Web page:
These magnificent works by the French Imperial goldsmiths Jean-Baptiste Claude Odiot and Martin-Guillaume Biennais (see lot 27) epitomise the sophisticated neo-classical taste of the court of Napoleon and those of the Royal Ducal Courts of Europe during the first quarter of the 19th century.
They belonged to the romantic figure Stephanie de Beauharnais (1789-1860), the daughter of a French aristocrat with connections to the French Imperial family. Josephine Beauharnais, the widow of Stephanie’s cousin Alexandre, Vicomte de Beauharnais, who died tragically at the guillotine in 1794, married the highly regarded General Napoleon Bonaparte in 1796. Josephine took an interest in the schooling of her late husband’s cousin and arranged for her to attend the same school as her own daughters. Following Napoleon’s coronation as Emperor in 1804 Stephanie became even closer to the Imperial Family being welcomed into Royal household at the Tuileries Palace.
Napoleon’s dynastic plans for the Royal families of Europe included the young Stephanie. In March 1806 she was declared a Princesse Française and in April that year she was married to Prince Karl Ludwig Friedrich, grandson and heir of the newly created Grand Duke of Baden, whose sisters had married into the Royal families of Bavaria, Russia, Sweden and Hesse.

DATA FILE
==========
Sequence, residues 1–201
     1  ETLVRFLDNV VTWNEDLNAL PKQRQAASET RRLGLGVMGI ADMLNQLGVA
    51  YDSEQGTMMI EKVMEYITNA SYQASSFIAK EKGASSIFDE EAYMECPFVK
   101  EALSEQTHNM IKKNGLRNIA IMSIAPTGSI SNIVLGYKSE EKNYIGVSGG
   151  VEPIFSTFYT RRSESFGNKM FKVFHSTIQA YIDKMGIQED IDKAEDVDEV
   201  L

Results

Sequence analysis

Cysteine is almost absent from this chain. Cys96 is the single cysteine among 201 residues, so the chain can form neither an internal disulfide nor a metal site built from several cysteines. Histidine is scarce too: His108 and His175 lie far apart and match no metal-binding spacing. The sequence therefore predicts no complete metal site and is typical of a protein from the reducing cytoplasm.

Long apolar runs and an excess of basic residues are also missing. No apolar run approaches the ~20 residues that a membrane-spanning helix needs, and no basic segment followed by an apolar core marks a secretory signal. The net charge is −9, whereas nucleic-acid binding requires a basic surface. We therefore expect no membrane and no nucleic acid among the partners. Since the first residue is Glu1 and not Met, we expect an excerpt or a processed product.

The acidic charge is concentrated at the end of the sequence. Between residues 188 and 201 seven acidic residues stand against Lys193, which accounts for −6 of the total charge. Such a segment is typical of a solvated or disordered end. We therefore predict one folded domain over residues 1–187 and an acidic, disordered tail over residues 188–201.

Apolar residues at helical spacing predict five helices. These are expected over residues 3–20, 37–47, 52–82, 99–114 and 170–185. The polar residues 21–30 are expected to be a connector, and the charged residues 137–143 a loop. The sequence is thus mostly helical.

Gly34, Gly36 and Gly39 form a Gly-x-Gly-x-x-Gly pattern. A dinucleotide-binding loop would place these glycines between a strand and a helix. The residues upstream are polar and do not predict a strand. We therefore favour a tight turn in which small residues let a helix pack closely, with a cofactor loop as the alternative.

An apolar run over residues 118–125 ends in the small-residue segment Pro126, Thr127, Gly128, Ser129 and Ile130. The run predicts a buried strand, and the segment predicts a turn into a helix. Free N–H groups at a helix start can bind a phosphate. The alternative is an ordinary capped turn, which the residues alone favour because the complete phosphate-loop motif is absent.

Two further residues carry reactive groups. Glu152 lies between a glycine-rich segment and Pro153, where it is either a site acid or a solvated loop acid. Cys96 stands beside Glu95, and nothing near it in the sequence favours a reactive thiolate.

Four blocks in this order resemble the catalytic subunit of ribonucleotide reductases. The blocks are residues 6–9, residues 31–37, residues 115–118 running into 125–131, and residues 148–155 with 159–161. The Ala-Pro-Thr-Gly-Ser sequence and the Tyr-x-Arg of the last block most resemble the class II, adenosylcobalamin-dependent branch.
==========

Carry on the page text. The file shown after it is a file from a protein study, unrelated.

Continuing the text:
The young couple’s frst married homes were the palaces of Mannheim and Schwetzingen. On the Grand Duke’s death in 1811 Prince Karl succeeded his grandfather and the couple moved to the palace of Karlsruhe. The pieces by the goldsmith Biennais from the present dinner service date from this time. Stephanie gave birth to fve children, two sons and three daughters. Sadly only the three daughters survived childhood by the time of her husband’s untimely death in 1818. Consequently the crown passed to Grand Duke Karl’s uncle. As the Grand Duke’s widow Stephanie was provided for with a generous settlement and she returned to the palace of Mannheim where she established her court attracting writers and artists. The later dishes and covers by Odiot were commissioned by the Dowager Grand Duchess for the palace, some of which remains in use there, (see opposite). She had the palace remodelled in the neo-classical style.
A large part of the service was sold Sotheby’s, New York, 6 November 2008, lot 106.